The most commonly used measures of stock market development are the market capitalization ratio [39] -[41] , stock market activity [42] -[44] , and turnover ratio [45] -[47] . We use the ratio of stock market capitalisation to GDP because it captures the size and activity of the financial market especially in the mobilisation and allocation of funds in the financial system and also due to data availability constraints. Apart from these, as Demigurc-Kunt and Levine [48] put it, this measure is less arbitrary than any other measure of stock market development. Market capitalization refers to the overall size of the stock market and is defined as the total value of listed shares relative to the GDP.

Using these two indicators for bank development and stock market development, we develop a unique measure of financial development in Ghana. To construct this indicator, we use a measure of the banking sector activity in relation to the sum of the banking activity measure and the non-bank financial sector to get a non-bias measure. We employ the stock market as the representation for the capital market or non-bank financial activity.

Data on FDI is taken from World Development Indicators (WDI). World Bank defines this indicator as the net inflows of investment to acquire a lasting management interest of 10% or more of voting stock in an enterprise. This investment must be done by people of nationals other than the investing country. It includes equity capital, reinvestment of earnings, other long term capital and short term capital which they obtain from the balance of payment of the reporting country. For data on Growth of output we use the real GDP per capita growth from WDI. We include a host of other variables as has been used in this area of research and more importantly to control for missing variable bias. These variables include openness, population and government expenditure.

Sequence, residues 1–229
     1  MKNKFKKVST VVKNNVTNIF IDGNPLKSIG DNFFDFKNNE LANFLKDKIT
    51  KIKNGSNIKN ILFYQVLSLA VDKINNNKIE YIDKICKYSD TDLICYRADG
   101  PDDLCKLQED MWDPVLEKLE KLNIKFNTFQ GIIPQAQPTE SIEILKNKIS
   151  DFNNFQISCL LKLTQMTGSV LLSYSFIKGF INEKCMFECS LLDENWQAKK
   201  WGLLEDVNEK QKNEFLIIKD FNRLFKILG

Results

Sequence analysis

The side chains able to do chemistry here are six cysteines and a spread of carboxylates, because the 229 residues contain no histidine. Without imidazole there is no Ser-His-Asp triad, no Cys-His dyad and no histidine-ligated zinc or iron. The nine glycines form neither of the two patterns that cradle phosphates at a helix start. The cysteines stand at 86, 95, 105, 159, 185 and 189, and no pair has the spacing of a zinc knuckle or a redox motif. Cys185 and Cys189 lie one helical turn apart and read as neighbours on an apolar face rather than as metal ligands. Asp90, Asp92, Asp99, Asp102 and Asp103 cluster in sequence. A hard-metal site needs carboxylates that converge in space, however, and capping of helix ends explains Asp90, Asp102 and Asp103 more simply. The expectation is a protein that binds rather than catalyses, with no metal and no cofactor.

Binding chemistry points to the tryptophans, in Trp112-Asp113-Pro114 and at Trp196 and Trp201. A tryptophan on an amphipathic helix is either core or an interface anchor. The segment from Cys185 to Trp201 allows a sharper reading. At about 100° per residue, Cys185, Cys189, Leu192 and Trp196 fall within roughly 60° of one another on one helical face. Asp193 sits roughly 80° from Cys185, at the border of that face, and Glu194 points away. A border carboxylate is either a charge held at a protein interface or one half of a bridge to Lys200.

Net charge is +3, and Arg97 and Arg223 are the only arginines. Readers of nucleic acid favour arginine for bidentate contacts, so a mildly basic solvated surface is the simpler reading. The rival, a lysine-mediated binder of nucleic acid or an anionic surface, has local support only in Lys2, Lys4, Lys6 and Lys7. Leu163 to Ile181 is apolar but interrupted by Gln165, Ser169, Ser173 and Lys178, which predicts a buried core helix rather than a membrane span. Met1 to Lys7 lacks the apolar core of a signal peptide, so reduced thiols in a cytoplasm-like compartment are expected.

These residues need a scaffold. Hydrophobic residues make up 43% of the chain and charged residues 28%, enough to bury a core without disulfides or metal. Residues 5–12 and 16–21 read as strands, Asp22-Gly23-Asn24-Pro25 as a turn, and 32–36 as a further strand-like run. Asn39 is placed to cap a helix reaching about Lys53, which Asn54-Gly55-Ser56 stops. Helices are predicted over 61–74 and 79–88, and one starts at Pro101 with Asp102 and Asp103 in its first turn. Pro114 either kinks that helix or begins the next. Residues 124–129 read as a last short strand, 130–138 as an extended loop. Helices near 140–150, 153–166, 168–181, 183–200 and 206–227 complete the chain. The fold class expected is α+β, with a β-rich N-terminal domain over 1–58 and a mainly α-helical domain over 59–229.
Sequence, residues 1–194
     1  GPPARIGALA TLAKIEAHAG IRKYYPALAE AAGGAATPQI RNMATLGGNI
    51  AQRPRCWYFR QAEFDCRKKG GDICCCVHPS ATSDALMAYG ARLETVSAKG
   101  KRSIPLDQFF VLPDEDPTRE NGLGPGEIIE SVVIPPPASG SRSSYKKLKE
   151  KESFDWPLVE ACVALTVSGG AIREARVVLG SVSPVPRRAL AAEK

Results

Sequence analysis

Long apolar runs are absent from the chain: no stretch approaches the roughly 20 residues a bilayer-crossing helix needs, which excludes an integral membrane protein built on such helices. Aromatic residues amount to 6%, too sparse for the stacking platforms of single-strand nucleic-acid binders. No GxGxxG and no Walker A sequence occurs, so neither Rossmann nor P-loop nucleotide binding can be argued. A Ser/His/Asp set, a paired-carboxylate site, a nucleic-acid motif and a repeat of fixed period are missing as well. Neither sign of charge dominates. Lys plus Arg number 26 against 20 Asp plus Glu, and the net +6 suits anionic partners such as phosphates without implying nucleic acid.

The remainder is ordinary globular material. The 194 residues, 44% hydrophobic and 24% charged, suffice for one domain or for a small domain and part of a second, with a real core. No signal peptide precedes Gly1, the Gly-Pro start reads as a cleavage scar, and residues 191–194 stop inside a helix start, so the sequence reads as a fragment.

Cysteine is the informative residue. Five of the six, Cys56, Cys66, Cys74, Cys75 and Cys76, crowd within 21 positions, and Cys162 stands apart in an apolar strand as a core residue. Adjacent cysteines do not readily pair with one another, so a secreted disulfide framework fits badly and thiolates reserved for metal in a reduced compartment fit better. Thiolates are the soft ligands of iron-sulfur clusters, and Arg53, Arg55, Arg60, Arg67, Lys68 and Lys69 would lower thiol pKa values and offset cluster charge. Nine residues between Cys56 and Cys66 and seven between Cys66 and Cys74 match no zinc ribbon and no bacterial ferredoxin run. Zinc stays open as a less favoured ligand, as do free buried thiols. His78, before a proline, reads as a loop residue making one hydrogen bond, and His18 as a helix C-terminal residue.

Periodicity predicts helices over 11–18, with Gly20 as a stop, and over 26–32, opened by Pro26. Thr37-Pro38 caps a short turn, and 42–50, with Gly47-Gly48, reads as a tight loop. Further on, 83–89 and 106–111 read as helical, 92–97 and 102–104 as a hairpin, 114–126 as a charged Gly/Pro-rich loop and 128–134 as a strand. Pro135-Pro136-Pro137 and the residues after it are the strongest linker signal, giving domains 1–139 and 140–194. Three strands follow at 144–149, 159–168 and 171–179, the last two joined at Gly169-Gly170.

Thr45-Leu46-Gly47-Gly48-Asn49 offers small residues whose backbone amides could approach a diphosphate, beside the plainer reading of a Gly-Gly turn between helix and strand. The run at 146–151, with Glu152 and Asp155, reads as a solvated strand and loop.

Before discussing the main results, we present some trend analysis on Ghana’s FDI.